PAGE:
The Incas designed their capital in the shape of a puma, with the head at the north end, at Sacsayhuamán (whose zigzagged walls are said to have represented the animal's teeth). This is pretty difficult to appreciate today; even though much of the original layout of the city remains, it has been engulfed by growth. Still, most of Cusco can be seen easily on foot, and walking is certainly the best way to take in this historic mountain city that is equal parts Inca capital, post-Conquest colonial city, and modern tourist magnet. For outlying attractions, such as the handful of Inca ruins that lie just beyond the center of town, taxis are the best option.
The old center of the city is organized around the stunning and busy Plaza de Armas, the focal point of life in Cusco. The streets that radiate out from the square -- Plateros, Mantas, Loreto, Triunfo, Procuradores, and others -- are loaded with travel agencies, shops, restaurants, bars, and hotels. The major avenue leading from the plaza southeast to the modern section of the city is Avenida El Sol, where most banks are located. The district of San Blas is perhaps Cusco's most picturesque barrio; the labyrinthine neighborhood spills on cobblestone streets off Cuesta San Blas, which leads to crooked alleys and streets and viewing points high above the city.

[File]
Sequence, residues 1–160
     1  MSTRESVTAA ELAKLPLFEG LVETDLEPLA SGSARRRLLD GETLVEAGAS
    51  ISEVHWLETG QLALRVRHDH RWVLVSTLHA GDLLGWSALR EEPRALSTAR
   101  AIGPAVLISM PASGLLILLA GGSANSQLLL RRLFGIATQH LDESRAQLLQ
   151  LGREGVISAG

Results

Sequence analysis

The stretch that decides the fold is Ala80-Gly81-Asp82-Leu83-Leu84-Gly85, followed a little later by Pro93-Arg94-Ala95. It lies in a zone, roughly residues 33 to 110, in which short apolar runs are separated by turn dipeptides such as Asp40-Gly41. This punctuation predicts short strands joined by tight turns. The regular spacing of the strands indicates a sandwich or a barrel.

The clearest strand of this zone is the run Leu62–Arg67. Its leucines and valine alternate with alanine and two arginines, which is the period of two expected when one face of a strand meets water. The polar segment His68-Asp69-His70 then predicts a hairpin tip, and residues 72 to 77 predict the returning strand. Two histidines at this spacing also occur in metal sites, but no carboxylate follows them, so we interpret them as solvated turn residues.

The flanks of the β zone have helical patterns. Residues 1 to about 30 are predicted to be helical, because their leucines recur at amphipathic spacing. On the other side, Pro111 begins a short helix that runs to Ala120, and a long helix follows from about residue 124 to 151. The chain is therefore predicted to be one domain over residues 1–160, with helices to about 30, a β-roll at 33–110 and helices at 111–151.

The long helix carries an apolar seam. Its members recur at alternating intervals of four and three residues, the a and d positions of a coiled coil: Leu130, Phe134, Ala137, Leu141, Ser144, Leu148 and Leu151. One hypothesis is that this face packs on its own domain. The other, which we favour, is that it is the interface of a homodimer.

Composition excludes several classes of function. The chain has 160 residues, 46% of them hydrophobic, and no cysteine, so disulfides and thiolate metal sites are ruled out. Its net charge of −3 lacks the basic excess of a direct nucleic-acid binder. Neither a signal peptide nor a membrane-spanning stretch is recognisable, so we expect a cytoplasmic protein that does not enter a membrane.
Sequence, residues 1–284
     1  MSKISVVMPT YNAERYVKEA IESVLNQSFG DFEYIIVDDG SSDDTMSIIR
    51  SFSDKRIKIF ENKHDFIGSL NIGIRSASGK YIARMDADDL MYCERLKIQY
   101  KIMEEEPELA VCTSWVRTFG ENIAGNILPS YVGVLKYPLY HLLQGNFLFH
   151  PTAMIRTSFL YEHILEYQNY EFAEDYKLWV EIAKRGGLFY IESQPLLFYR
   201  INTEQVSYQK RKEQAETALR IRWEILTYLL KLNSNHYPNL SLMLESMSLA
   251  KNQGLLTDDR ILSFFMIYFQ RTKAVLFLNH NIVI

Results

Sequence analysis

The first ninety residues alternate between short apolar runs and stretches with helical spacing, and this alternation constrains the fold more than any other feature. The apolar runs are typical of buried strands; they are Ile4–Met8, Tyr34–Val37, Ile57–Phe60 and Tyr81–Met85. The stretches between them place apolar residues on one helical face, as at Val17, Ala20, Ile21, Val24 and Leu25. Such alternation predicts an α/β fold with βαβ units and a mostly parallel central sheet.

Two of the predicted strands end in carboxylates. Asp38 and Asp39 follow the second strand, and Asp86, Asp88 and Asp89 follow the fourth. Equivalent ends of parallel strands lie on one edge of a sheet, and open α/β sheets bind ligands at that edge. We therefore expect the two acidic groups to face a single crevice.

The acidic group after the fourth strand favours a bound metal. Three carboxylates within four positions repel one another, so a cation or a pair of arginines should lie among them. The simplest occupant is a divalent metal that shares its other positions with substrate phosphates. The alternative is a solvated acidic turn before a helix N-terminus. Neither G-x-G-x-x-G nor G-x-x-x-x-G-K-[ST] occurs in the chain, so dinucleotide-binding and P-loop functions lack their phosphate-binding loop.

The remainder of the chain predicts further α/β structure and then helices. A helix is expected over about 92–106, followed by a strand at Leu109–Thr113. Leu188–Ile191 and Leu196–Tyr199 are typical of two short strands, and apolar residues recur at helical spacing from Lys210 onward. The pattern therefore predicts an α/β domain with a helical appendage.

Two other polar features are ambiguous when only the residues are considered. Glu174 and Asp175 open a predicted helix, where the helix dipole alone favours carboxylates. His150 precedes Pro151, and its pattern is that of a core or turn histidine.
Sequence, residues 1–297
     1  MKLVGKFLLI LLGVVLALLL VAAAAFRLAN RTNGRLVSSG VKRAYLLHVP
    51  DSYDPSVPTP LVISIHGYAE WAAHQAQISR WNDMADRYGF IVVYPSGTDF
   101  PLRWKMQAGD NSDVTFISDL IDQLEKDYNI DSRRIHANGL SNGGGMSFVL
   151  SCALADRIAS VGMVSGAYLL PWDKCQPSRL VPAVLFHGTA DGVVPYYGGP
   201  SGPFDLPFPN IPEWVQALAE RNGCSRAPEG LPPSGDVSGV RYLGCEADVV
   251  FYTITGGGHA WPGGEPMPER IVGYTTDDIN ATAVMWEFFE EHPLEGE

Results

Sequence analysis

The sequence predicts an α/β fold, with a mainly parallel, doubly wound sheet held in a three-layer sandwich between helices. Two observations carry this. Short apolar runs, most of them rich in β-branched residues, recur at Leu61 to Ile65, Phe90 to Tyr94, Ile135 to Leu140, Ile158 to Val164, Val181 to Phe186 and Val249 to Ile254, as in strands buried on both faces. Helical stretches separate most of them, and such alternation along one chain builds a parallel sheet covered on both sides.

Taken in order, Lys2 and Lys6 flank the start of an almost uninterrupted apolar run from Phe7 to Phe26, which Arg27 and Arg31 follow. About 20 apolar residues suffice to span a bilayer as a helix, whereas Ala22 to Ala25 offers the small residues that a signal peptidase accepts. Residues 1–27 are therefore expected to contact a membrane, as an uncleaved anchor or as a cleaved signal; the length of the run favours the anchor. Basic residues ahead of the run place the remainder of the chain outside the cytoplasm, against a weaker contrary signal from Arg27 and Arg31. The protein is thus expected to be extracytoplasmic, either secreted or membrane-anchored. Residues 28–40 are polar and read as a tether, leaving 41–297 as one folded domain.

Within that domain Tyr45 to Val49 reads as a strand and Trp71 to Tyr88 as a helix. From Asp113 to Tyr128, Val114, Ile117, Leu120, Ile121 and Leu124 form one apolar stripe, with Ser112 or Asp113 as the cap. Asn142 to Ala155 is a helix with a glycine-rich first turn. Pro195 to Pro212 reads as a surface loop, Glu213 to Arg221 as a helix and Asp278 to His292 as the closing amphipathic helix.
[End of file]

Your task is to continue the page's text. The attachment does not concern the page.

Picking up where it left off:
Much of what interests most visitors is within easy walking distance of the Plaza de Armas. The major Inca ruins are within walking distance for energetic sorts who enjoy a good uphill hike.
Hang a Right at Donkey Lips
Cusco is littered with difficult-to-pronounce, wildly spelled street names that date to Inca times. In the bohemian neighborhood of San Blas, though, they're particularly colorful. Here's a primer of atmospheric street names and their literal meanings:
Atoqsayk'uchi -- Where the fox got tired
Tandapata -- Place of taking turns
Asnoqchutun -- Donkey lips
Siete Diablitos -- Seven Little Devils
Siete Angelitos -- Seven Little Angels
Usphacalle -- Place of sterility/place of ashes
Saqracalle -- Where the demons dwell
Pumaphaqcha -- Puma's tail
Cajonpata -- Place shaped like a box
Rayanpata -- Place of myrtle flowers
One to seek out: P'asñapakana -- Where the young women are hidden
And, finally, one to avoid: P'aqlachapata -- Place of bald men
Note: This information was accurate when it was published, but can change without notice. Please be sure to confirm all rates and details directly with the companies in question before planning your trip.